This month was a month of tech shakeups and analyst reports. Read on to find out more…
Why people don’t use Yammer
Another shakeup at Microsoft, this time involving Yammer, sparked commentary on the success of this enterprise social network bolt-on the company acquired back in 2012. David Roe pulled no punches in his article for CMSWire, The problem with Yammer is people don’t use it. He quotes David Lavenda from Harmon.ie who states that the problem with Yammer is that people simply won’t use it, or any other social network for that matter. Lavenda is quoted as saying “Part of [the problem] is because it is seen as a separate piece […] I’ve got my I’ve got my Office stuff, I go Lync, I’ve got OneDrive, then I’ve got Yammer and its all very disparate.” Roe explains that the issue is that all the elements that people are working with are disassociated in users’ minds, even if they come together under a single banner like Office 365.
Ernie Smith for Associations Now comments on this same topic in his blog post Enterprise social networks: A chicken and egg problem. Ernie argues that the reason users aren’t taken with Yammer is because social tools not yet good enough replacements for email. He cites IDC statistics that show the annual growth rate of enterprise social networks was around 23 percent per year over the past five years, compared to the same stat as 42 percent just two years ago. He argues that as take-up slows, this creates a chicken-and-egg conundrum for many offices. He states, “If you’re the only person in the world with a fax machine, it’s not very useful, is it? It’s the same deal with every form of communication, ever, and a social enterprise platform is way harder to seed than, say, Facebook.”
We believe that it’s not simply a matter that people are tied to email, but instead that they have an extra step to take that is out of their natural work routine. HighQ Collaborate automatically posts to the activity stream for you – there is no extra step. The platform automatically socialises working in real time as you’re doing it.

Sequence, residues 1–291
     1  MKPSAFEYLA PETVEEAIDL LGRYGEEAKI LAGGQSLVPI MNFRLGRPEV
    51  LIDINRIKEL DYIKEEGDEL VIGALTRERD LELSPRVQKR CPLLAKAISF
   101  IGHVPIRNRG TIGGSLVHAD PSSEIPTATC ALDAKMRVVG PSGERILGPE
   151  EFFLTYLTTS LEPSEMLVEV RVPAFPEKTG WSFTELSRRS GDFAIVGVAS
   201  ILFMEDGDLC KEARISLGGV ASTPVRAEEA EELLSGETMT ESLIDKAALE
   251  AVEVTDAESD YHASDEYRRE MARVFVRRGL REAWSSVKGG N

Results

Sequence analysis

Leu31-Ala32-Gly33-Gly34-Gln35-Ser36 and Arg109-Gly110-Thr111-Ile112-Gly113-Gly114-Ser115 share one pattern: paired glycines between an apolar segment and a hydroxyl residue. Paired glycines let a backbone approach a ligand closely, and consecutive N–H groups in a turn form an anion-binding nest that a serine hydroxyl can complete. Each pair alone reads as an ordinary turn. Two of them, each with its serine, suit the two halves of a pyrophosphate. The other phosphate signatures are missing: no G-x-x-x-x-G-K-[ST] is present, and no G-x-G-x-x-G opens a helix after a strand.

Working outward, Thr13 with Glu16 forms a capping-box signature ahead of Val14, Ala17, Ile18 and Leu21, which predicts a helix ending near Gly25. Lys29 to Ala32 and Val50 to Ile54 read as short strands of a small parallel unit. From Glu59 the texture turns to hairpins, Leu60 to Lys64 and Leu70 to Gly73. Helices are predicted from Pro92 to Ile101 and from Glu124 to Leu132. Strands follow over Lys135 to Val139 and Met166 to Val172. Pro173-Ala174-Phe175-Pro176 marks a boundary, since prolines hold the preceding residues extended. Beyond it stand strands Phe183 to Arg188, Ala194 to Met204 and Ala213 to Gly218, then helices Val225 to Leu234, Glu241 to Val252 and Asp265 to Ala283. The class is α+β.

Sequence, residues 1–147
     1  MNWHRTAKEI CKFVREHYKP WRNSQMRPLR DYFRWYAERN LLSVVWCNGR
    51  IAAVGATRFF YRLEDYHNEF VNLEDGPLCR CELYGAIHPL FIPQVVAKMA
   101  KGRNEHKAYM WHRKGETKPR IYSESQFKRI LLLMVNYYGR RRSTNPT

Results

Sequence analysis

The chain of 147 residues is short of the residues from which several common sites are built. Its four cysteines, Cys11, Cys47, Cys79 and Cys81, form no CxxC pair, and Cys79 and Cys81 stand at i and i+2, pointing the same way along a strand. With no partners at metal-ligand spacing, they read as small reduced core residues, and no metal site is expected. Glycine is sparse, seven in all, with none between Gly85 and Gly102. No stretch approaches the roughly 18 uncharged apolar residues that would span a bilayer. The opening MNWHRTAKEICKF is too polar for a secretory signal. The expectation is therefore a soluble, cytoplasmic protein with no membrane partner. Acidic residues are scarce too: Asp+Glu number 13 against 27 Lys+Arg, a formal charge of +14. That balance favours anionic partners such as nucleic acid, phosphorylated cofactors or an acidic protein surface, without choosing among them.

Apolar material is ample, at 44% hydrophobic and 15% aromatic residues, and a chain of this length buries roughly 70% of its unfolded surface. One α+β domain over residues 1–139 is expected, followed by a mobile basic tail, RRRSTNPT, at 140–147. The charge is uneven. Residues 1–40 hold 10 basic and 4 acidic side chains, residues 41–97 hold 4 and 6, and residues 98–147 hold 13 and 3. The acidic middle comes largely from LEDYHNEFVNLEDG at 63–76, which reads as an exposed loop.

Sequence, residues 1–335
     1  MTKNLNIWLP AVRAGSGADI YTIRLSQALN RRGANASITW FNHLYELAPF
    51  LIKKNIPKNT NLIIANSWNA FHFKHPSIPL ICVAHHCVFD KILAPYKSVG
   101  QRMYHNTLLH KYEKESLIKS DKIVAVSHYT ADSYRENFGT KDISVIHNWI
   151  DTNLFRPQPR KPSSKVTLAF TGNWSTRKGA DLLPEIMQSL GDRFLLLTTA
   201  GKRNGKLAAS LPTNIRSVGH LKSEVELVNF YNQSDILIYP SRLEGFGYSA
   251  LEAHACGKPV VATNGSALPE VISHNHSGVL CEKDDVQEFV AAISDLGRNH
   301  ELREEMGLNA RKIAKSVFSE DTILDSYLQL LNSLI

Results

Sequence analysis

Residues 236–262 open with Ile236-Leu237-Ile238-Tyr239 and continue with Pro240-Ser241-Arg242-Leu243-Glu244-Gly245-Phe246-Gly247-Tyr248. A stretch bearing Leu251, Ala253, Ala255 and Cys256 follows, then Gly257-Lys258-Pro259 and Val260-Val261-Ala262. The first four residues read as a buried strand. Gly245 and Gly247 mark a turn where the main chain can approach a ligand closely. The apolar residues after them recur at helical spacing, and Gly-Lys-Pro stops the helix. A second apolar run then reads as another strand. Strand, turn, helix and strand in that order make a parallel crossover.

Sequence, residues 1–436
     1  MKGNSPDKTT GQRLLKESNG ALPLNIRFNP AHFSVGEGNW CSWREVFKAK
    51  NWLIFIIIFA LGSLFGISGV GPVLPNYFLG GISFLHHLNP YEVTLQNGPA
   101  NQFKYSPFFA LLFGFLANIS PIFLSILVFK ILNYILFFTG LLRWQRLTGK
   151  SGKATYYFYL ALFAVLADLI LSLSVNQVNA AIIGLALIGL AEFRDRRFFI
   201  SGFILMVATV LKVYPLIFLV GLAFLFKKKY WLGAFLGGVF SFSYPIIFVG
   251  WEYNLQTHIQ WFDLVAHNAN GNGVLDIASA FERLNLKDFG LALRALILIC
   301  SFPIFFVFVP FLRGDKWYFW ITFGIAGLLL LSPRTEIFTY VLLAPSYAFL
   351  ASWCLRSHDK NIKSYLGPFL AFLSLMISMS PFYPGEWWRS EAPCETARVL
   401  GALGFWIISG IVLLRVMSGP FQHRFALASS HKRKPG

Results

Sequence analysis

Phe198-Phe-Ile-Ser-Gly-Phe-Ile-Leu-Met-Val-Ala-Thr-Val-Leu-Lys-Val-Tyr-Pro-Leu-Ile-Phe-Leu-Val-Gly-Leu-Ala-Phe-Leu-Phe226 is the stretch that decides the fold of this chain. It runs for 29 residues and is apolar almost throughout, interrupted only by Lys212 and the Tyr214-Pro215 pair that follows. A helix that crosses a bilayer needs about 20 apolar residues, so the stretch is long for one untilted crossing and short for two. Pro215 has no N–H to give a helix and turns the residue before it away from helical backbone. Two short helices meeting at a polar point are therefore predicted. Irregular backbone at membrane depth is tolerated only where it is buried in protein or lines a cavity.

Collaboration drives transformation
In his article for CIO, Enterprise collaboration will drive digital transformation, Matt Kapko rounds up new research by Altimeter Group which shows that technology has been an enabler for transformation in businesses, but only when aligned with a bigger mission. Kapko quotes Altimeter’s principal analyst Brian Solis who explains that companies focused on the bigger picture are asking questions like how technology can enable them to achieve new things and what’s different about customers today versus yesterday. With the right information and foundation in place, technology becomes an enabler, not the answer. This is a point we make frequently on the HighQ blog, as it is key to remember that the culture of organisations must be one of collaboration and productivity in order for collaboration technology to make any impact.
A recent study by AIIM highlighted the importance of collaboration within businesses. John Mancini, president of AIIM, pulls out the key points from the study in his article for CMSWire, Support teamwork in a mobile and cloud environment. John pointed out that 93 percent of the executives surveyed said they believed internal collaboration was either “crucial” or “very important” to their business. This, he says, goes to show that collaboration is the lifeblood of the way we do business today. Technology is important in supporting collaboration however, and John explains that progress of cloud based file sync and share services has helped IT support for teamwork within and beyond the firewall take major strides. The ability to easily link these services with third parties, and the support by intuitive apps have aided this. But security issues linger, he states, both on device security and connectivity with on site systems, with many still only reaching consumer grade security, which does nothing to safeguard business systems.
John caveats that it’s no use opting for a draconian approach to locking down systems. If organizations reject flexible, easy to use collaboration tools, users will fall back on their own devices and applications, he says, which fall under the IT department’s radar and leave the business system open to a potentially serious security risk. We wrote about this topic in our blog post Bring Your Own Device: The facts where we explained how to mitigate against security risks of the growing trend of employees using their own devices for work.